San Diego is truly a two-nation vacation, with Mexico just 15 miles from downtown. New documentation requirements were implemented June 1, 2009. Please read the list below to ensure your smooth transition to and from Mexico. Knowing what documents are required and having them ready when you return home will help streamline the entry process and ensure your return to the U.S. is as smooth as possible.
Land and Sea Travel
U.S. citizens entering the United States at sea or land ports of entry are required to have documents that comply with the Western Hemisphere Travel Initiative (WHTI), most commonly a U.S. passport, a passport card, a trusted traveler card such as NEXUS, SENTRI or FAST, or an enhanced driver's license. See below for the complete list:
- U.S. Passport - This is an internationally recognized travel document that verifies a person's identity and nationality. It is accepted for travel by air, land and sea.
- U.S. Passport Card - This is a new, limited-use travel document that fits in your wallet and costs less than a U.S. Passport. It is only valid for travel by land and sea from Canada, Mexico, the Caribbean or Bermuda.
- Enhanced Driver's License (EDL) - Several states and Canadian provinces are issuing this driver's license or identification document that denotes identity and citizenship. It is specifically designed for cross-border travel into the U.S. by land or sea.
- Trusted Traveler Program Cards - NEXUS, SENTRI or FAST enrollment cards can speed your entry into the U.S. and are issued only to pre-approved, low-risk travelers. The cards are valid for use at land or sea; the NEXUS card can be used in airports with a NEXUS kiosk.
- Special Groups - Information for Children, Groups of Children, Native Americans, "Closed Loop" Cruises, U.S. Lawful Permanent Residents, U.S. Military, Merchant Mariners, Ferries and Small Boats, and Boaters.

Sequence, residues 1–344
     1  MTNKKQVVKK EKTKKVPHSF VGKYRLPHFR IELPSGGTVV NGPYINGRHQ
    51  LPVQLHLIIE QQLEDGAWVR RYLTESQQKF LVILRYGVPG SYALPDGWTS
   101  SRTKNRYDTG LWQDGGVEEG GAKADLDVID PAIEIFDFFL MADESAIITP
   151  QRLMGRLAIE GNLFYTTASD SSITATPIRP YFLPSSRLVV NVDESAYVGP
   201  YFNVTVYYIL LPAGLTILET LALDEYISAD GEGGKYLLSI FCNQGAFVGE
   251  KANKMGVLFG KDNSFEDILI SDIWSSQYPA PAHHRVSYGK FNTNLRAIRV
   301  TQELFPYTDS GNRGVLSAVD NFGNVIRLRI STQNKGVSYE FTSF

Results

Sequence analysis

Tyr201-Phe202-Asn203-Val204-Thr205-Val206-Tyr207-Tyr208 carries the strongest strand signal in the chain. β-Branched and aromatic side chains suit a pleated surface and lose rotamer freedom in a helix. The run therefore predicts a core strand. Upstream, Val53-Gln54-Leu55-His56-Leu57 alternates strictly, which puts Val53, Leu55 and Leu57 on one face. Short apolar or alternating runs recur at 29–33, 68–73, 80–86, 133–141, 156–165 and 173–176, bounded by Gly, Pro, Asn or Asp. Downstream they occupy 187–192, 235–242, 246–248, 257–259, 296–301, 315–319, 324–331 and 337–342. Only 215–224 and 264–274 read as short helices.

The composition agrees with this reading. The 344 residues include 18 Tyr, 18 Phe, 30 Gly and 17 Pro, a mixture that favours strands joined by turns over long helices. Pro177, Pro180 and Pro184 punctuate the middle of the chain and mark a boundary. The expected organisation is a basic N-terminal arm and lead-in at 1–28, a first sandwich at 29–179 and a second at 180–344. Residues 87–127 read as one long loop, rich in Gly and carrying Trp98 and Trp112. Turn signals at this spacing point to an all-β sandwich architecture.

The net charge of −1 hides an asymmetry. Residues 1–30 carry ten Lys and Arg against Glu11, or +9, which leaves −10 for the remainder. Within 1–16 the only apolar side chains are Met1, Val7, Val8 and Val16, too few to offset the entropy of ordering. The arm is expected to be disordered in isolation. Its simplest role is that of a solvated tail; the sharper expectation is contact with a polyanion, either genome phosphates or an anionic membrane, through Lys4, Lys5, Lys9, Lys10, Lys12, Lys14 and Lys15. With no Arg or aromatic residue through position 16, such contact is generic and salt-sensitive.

When traveling by air between the U.S. and Canada, Mexico, the Caribbean or Bermuda, you are required to present a U.S. passport, except as noted below. This applies to everyone including newborns, infants and children.
The only exceptions to this requirement are for:
- U.S. citizens on active duty with the U.S. Armed Forces, traveling with military ID and travel orders
- U.S. citizen merchant mariners traveling in conjunction with maritime business, with U.S. issued Merchant Mariner Document
- Travelers with a NEXUS card used at a NEXUS kiosk at Canadian Preclearance airports
- U.S. Lawful Permanent Residents with a Permanent Resident Card or other evidence of permanent residence status and required documentation; refugees and asylees with a Refugee Travel Document
Procedures for Children
Effective June 1, 2009, U.S. citizen children under the age of 16 will be able to present the original or copy of their birth certificate, or other proof of U.S. citizenship such as a naturalization certificate or citizenship card.
Groups of U.S. citizen children ages 16 through 18, when traveling with a school or religious group, social organization, or sports team, will be able to enter under adult supervision with originals or copies of their birth certificates or other proof of citizenship. See the Department of Homeland Security's GetYouHome.gov for more information on the changing travel requirements.